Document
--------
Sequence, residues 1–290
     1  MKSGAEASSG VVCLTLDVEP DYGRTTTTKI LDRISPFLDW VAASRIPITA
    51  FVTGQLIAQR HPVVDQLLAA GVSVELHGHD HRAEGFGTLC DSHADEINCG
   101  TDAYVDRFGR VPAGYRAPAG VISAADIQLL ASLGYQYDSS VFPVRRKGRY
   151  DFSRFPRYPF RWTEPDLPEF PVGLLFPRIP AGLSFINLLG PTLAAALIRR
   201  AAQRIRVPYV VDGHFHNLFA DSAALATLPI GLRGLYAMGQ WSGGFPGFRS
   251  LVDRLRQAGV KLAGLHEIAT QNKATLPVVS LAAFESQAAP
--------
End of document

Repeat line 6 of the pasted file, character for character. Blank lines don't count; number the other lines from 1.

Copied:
   201  AAQRIRVPYV VDGHFHNLFA DSAALATLPI GLRGLYAMGQ WSGGFPGFRS